Despite the headwinds CN expects to encounter in the last six months of 2023, the railway is still moving forward with the investment plans for 2024-2026 that it laid out on its investor day in May, executives said.

In the immediate future, CN expects to move through the backlog of volumes that occurred as a result of not only the strike by members of the International Longshore and Warehouse Union at Canadian West Coast ports, but also the wildfires in eastern and western Canada and flooding in Nova Scotia. CN is running additional trains out of the ports of Vancouver and Prince Rupert to clear the backlog, and it could take up to eight weeks for the overall supply chain to fully recover, MacDonald said. 

CN’s revenues were CA$4.06 billion in the second quarter of 2023, down 7% y/y amid lower volumes of intermodal crude oil, U.S. grain exports and forest products, CN (NYSE: CNI) said in a late Tuesday afternoon news release. The railway said the volume decline was driven in part by lower demand for freight services to move consumer goods, as well as customer outages caused by the Canadian wildfires. Lower ancillary services and a decline in fuel surcharge revenues also contributed.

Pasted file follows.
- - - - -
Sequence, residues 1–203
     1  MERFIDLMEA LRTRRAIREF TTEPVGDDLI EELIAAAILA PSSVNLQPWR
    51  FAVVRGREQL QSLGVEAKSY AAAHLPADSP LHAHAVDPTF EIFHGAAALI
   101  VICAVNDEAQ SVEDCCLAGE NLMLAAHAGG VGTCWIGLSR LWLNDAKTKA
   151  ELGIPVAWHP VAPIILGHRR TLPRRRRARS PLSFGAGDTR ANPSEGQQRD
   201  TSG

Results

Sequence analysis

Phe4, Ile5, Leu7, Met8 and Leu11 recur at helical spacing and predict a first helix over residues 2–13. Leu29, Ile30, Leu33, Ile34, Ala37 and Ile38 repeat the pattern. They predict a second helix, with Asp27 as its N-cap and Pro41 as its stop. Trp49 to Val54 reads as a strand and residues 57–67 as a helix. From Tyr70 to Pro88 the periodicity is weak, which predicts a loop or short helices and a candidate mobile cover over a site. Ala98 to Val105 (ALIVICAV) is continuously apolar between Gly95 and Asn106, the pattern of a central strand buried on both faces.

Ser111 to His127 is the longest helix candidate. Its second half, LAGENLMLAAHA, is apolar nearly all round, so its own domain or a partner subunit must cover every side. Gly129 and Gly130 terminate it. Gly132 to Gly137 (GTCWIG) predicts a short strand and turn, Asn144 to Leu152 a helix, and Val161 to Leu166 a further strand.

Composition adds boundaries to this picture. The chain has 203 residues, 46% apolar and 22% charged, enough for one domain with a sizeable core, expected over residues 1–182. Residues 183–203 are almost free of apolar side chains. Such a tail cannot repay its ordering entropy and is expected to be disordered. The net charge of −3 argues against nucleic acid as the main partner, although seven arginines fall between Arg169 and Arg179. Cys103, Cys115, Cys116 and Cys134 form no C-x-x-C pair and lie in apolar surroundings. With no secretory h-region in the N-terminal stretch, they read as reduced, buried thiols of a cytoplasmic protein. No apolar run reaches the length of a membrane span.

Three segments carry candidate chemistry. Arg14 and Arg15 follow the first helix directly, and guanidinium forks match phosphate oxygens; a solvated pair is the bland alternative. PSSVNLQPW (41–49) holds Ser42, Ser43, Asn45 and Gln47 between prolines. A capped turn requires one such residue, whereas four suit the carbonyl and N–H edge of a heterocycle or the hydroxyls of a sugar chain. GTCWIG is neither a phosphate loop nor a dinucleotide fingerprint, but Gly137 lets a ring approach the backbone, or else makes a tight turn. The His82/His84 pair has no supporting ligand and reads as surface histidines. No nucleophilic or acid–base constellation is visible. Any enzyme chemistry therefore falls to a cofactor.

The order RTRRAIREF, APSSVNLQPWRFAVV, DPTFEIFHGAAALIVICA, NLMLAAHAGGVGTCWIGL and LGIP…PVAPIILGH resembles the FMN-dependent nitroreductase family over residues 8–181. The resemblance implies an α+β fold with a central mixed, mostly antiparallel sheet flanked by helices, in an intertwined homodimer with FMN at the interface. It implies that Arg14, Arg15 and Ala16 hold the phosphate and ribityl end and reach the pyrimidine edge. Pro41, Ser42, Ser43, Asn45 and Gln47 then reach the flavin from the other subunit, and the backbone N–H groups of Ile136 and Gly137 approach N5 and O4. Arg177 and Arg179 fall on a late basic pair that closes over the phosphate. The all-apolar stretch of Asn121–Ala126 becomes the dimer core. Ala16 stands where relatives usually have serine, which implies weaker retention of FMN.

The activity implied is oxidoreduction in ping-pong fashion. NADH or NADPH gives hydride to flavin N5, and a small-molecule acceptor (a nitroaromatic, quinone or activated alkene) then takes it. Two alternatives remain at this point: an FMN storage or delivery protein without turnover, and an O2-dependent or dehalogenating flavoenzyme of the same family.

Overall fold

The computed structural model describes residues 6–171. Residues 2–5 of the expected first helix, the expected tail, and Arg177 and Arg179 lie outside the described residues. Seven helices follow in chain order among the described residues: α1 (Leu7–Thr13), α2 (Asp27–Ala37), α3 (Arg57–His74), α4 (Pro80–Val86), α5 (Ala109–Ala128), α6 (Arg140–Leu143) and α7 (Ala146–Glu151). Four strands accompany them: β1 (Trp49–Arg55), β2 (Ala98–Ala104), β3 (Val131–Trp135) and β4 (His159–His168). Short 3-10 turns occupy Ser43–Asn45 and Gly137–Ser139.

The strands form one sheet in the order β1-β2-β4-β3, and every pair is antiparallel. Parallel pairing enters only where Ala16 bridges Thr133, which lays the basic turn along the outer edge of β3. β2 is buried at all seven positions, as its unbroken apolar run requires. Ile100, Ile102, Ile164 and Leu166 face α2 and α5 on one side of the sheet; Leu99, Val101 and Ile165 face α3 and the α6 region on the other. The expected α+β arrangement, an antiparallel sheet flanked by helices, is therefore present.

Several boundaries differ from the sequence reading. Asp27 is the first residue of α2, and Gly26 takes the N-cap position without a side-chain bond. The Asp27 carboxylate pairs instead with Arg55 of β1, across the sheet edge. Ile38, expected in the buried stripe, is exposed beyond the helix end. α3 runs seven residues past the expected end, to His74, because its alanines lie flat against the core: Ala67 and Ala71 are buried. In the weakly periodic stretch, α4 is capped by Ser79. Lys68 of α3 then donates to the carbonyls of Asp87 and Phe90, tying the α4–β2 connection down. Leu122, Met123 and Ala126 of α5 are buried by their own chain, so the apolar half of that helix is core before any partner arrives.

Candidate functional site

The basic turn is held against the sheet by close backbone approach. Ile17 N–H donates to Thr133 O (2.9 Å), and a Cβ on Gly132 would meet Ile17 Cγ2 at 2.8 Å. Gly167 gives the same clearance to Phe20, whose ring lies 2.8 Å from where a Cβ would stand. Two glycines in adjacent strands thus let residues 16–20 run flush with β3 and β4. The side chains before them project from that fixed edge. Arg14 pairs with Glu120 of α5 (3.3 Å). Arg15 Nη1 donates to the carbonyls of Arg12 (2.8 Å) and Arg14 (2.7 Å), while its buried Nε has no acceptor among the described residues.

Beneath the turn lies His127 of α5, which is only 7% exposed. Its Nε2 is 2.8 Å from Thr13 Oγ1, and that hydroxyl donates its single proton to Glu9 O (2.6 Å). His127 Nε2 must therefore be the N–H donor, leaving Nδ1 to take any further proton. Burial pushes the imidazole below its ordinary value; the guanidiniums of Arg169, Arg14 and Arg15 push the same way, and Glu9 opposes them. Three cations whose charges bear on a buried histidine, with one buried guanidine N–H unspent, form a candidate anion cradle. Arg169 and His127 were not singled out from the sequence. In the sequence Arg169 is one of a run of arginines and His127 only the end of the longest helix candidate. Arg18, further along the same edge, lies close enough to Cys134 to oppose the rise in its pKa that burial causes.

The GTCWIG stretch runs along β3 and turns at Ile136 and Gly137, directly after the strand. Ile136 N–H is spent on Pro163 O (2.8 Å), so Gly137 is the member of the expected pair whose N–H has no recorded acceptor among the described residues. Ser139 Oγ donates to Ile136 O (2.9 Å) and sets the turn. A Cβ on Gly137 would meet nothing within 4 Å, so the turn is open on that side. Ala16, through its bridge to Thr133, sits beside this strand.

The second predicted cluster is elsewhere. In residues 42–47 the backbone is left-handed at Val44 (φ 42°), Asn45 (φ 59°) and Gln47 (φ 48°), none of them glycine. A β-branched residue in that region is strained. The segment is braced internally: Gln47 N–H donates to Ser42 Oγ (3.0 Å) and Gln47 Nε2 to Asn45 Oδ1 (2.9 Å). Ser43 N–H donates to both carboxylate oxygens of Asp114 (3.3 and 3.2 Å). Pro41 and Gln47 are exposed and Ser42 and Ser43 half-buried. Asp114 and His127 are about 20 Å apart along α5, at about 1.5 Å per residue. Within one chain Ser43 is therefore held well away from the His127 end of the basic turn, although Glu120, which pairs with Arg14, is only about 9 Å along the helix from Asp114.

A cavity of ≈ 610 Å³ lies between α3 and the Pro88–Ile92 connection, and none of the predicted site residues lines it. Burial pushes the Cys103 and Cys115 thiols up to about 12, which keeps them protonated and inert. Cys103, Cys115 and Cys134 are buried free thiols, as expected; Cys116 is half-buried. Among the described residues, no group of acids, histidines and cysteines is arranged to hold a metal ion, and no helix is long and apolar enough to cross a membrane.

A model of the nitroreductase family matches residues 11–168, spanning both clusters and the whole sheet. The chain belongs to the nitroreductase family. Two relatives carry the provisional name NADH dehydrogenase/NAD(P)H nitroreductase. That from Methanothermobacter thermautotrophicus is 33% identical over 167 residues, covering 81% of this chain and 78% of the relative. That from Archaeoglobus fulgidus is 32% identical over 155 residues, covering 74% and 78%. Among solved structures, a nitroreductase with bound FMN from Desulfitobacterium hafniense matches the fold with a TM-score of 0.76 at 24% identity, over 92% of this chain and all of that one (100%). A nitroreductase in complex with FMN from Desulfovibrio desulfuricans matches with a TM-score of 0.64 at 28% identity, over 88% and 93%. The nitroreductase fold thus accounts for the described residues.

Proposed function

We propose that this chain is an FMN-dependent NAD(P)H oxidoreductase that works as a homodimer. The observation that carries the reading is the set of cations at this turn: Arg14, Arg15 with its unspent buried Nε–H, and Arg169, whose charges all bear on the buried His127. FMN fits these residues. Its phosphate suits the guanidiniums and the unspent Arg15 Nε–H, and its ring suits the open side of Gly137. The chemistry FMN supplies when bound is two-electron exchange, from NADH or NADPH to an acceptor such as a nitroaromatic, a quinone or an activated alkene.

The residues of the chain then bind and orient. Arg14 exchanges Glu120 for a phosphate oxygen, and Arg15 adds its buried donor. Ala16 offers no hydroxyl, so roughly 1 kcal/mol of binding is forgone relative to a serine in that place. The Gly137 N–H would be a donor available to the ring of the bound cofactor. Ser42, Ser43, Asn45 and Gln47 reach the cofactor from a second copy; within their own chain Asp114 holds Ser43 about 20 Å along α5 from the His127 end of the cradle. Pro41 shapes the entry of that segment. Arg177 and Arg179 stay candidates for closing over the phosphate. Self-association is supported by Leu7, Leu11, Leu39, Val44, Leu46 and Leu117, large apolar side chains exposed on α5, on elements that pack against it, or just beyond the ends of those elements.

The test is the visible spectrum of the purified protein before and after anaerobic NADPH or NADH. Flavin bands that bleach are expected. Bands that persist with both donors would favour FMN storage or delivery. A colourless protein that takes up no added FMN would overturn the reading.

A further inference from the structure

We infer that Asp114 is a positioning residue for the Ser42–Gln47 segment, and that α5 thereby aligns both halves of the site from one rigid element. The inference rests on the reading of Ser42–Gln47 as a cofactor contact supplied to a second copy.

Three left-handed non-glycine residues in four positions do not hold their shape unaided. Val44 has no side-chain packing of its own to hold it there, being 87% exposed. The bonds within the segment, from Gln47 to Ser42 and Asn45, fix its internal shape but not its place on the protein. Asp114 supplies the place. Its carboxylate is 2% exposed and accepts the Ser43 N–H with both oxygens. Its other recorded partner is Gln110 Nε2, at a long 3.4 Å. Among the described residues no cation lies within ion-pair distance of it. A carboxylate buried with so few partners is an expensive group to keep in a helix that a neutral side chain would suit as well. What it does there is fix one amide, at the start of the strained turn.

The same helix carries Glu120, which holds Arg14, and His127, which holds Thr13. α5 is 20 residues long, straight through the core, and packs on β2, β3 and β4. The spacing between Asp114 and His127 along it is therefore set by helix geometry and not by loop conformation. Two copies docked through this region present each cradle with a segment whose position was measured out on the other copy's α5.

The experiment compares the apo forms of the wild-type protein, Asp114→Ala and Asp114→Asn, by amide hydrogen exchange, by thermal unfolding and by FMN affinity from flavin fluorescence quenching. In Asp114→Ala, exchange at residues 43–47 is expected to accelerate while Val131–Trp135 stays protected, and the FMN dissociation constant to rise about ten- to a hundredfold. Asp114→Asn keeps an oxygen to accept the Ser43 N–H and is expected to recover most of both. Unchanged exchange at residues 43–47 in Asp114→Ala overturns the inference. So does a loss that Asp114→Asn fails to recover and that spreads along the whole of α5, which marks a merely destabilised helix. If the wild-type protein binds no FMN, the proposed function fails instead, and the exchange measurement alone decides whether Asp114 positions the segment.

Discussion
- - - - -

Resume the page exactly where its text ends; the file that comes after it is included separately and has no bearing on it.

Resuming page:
But revenue declines were partially offset by freight rate increases, a weaker Canadian dollar and higher export volumes of Canadian grain, CN said. 

Operating expenses were nearly $2.46 billion, down from nearly $2.58 billion for the second quarter of 2022, amid lower fuel prices. Higher labor and fringe benefits and a weaker Canadian dollar partially offset CN’s expenses in the second quarter. 

Operating income was $1.6 billion, down 10% y/y, while operating ratio rose to 60.6% from 59.3%. Investors sometimes use OR to gauge a company’s financial health, with a lower OR implying improved health. CN defines OR as operating expenses as a percentage of revenues.

CN to work with Wabtec to modernize 60 locomotives

In an unrelated announcement Wednesday that came on the heels of the earnings results, CN said it would be working with rail technology provider Wabtec (NYSE: WAB) to modernize 60 locomotives in its fleet.